Gordon GrossAlso, Austin Wilson's inside-the-park homer was fun today. I assume Austin's gonna be in the Cal League with an eye toward a mid-season promotion to AA, the same way that DJ and Kivlehan did it last year. O'Neill might be back in the MWL doing double duty with Jackson. Morgan is almost certainly going slower and headed for extended Spring training and then Everett. With DJ, Kivlehan and Marte in AAA, and several members of the High Desert crew (Marlette, Lara, Henry, Gurrrero) in AA, there should be interesting hitters to watch all up and down the system this year. Still wanna see Pizzano get back on the horse. I don't think we'll have room for him, but somebody should.11 hours 50 min ago
Gordon GrossSmoak had three problems: bad pitch adjustment, unathletic, and a swing that was too-long to the ball. even when it all lined up he had trouble crushing the ball - which was weird, because before his dad died he was able to put more mustard into it. His dad was his swing coach, and it's my opinion that when Smoak lost his dad he lost the person who could help him make up for his other issues. Jackson's swing isn't speedy, but he is short to the ball and powerful - that's gonna lead to a lot of fun. Look out, Midwest League.11 hours 56 min ago
Gordon GrossFelix is just working on stuff. I don't really care what his spring looks like. He'll be ready - he always is.12 hours 15 min ago
SABR MattAgreed, GLS...for a large framed guy, Smock was alarmingly unathletic. Felix always has one really bad spring outing. ..don't worry about it13 hours 9 min ago
GLSRe: man muscles. I've mentioned it here before, but I'm still convinced the number one thing Justin Smoak could have done is to just get stronger. He was unlikely to improve in terms of pure hitting skills, but if he got stronger, and hit the ball harder, a few more of those balls might have landed for hits.13 hours 31 min ago
mojician"Really Impressive" is an honor that hasn't been bestowed on a prospect before. Occasionally a prospect will have some pretty impressive aspect to his game, such as Ajax's power. That impressive aspect is what makes the prospect interesting. As in: Alex Jackson is interesting. He has pretty impressive power to right center. No one, except Kivlehan, has been declared blanket impressive. It is easy to see why Kivlehan has caught McClendon's eye. He likes an advanced approach at the plate, and he likes power, particularly doubles and home runs. This comes from having pretty darn good hitters with man muscles, not puppy dog muscles.13 hours 58 min ago
Tacoma RainWow... the Cubs shelled Felix in 2.2 innings. 2 doubles, 2 HR's and 6 earned runs... ouch. Maybe I can wait for the season to start.14 hours 19 min ago
SABR MattLOL indeed14 hours 22 min ago
MtGrizzlyLOL. It probably means that it's a good thing for Ruggiano that he's having a good spring.14 hours 49 min ago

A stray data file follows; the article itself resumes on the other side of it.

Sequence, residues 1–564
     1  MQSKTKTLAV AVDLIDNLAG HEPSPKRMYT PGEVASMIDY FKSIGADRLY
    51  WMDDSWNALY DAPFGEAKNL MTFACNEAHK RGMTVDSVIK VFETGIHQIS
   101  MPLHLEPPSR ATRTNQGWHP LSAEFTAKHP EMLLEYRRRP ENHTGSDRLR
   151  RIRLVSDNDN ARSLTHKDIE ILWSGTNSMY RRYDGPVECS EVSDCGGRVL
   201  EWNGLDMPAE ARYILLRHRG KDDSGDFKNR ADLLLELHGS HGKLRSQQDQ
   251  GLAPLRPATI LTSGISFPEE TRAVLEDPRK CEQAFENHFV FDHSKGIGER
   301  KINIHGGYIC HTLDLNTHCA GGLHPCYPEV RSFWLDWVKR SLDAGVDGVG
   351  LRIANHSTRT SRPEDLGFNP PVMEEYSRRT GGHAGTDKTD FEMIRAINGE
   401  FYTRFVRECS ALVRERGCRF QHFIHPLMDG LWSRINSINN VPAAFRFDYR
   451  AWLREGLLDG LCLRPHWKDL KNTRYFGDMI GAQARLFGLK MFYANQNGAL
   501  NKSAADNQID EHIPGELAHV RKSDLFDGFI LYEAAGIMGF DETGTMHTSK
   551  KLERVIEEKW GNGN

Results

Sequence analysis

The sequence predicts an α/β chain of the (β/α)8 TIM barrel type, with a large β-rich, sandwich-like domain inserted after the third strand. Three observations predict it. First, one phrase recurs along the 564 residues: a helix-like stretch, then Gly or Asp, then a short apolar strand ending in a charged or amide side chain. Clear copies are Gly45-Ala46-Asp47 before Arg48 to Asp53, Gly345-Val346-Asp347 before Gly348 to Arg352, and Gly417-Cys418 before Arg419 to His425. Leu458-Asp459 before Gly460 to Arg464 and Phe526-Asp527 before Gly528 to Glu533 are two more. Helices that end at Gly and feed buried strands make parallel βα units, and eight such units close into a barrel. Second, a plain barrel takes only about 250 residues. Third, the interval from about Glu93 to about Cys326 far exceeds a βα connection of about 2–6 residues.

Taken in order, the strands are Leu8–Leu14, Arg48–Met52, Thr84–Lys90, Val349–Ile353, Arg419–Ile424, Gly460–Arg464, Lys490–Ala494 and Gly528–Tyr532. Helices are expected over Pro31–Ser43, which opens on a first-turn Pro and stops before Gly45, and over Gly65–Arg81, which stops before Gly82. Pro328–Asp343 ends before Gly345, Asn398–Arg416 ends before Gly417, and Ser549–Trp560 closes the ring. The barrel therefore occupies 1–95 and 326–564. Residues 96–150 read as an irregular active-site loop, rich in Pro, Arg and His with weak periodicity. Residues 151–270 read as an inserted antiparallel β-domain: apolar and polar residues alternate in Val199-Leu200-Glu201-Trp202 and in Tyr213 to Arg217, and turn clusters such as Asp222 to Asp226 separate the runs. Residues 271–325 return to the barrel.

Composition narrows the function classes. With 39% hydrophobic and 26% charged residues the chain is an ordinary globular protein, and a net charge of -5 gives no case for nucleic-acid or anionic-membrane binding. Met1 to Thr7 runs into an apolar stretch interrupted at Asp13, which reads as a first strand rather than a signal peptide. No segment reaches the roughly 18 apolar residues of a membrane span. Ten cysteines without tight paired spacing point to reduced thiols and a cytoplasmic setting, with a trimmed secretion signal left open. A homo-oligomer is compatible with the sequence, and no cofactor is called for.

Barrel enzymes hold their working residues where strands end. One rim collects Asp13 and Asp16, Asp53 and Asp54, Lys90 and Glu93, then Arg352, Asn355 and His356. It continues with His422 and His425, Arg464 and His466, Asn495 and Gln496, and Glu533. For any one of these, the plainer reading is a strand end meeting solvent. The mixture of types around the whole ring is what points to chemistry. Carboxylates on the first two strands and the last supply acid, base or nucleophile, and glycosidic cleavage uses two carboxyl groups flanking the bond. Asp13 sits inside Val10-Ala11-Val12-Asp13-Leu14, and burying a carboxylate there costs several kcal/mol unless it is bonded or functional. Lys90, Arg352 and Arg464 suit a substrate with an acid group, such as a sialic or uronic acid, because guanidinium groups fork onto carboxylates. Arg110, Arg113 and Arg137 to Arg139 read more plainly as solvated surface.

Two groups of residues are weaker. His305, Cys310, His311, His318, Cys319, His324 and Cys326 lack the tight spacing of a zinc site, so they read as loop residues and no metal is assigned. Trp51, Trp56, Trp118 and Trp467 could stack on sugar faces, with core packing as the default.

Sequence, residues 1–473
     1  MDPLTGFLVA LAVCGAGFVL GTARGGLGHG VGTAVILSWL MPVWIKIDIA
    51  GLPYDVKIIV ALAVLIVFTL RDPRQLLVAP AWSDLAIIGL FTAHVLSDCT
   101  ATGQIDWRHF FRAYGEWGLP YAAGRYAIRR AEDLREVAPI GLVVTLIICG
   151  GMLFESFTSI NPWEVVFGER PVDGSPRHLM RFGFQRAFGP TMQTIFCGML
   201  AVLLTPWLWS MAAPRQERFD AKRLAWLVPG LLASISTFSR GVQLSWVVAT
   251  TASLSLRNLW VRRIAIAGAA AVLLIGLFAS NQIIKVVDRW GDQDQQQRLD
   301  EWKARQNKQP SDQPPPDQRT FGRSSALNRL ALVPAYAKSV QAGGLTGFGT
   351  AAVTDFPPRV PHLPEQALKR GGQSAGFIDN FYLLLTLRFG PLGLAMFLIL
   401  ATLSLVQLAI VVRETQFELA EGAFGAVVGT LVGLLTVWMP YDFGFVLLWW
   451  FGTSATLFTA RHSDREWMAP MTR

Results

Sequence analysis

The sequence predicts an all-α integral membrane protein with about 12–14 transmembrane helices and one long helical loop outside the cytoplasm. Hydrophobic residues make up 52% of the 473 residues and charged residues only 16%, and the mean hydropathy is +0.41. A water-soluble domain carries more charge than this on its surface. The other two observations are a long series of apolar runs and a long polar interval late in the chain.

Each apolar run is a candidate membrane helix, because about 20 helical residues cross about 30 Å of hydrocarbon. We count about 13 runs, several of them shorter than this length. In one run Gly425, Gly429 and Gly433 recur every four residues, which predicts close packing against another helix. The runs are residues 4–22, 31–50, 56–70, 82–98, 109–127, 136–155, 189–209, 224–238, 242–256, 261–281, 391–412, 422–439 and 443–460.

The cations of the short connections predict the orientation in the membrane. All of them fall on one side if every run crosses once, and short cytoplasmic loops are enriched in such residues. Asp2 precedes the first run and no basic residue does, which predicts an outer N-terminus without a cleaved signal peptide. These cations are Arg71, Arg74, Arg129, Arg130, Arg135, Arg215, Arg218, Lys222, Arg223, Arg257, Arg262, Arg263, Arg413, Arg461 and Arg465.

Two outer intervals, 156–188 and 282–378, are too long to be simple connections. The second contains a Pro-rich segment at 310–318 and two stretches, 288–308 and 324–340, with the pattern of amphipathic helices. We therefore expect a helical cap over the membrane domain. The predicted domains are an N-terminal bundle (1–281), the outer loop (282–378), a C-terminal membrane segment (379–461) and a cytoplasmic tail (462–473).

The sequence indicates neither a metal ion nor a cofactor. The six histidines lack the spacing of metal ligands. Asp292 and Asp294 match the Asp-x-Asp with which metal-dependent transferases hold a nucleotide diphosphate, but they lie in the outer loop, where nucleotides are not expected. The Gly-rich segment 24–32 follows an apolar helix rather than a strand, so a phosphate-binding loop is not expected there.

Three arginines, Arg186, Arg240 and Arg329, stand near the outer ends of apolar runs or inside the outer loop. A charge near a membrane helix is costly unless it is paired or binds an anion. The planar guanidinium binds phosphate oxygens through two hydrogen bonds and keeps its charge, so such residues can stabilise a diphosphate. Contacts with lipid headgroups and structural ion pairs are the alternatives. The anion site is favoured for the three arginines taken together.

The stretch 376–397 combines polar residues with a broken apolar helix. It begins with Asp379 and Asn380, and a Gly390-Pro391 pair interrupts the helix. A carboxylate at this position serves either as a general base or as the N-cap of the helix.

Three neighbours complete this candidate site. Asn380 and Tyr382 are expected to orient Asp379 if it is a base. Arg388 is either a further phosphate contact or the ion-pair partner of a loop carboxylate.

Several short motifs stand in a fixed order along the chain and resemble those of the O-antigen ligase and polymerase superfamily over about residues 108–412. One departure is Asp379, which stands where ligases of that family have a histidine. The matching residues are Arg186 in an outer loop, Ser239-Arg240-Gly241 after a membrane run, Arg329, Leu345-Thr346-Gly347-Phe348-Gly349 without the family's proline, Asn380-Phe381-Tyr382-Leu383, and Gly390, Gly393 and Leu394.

GrumpySo McClendon calls Kivlehan "really impressive". Nice. What's that translate to on the McClendon compliment scale? Future hall of famer?17 hours 18 min ago
MtGrizzly@RyanDivish: McClendon on the No. 5 battle: "My evaluation is probably a little different than yours. I don't worry about the numbers per se."19 hours 53 min ago
moethedogBTW, is Pizzano in the ST MLB camp?23 hours 5 min ago
Tacoma RainPer Dutton, Carraway has retired...1 day 7 hours ago
SpectatorI vote for DJ and Kiv getting a plenty good helping of AAA. Neither has spent a day at AAA yet. There's no defensive imperative as there was with Zunino. But most importantly: The window is not closing. Only Iwakuma and Rodney are on the 2014 clock, and I think we might have some guys who can fill in those slots if they don't re-sign.1 day 8 hours ago
moethedogI was funnin' there G. We're in with A. Jackson in CF.....All in. But, I'm not dead sure pitchers just don't saw his bat off if he doesn't show some mash. And you know me, I believe that when a guy is ready, he's ready. Age doesn't worry me, much. Alex Jackson isn't ready, I know that. But a tater at 19 is enough to be thrilled about.1 day 8 hours ago
GLSReally looking forward to following Alex Jackson's box score lines this year.1 day 9 hours ago
Gordon GrossUhh, no. Alex Jackson cannot play center field. Maybe if you're in a serious bind, but otherwise no. He's a RF. So you were looking at internal options only, you'd slate Kivlehan for LF (where he'll be plus on defense) and Jackson for right, sometime in 2017/2018. I suppose Jackson could move faster than that, but we really don't need to rush him the way we rushed Ackley and crew. I've been begging the Ms for the ability to slow down, so as GLS says - since we're finally at a point we can do that, we might was well investigate the notion. You know, for science. DJ and Kiv shouldn't be needed before next year. Let em get their 500+ PAs in AAA and put the finishing touches on their minor league skills before they have to learn major league ones - especially since they'll both be handling new positions.1 day 9 hours ago
SABR MattJackson...mariner cf 2016?1 day 11 hours ago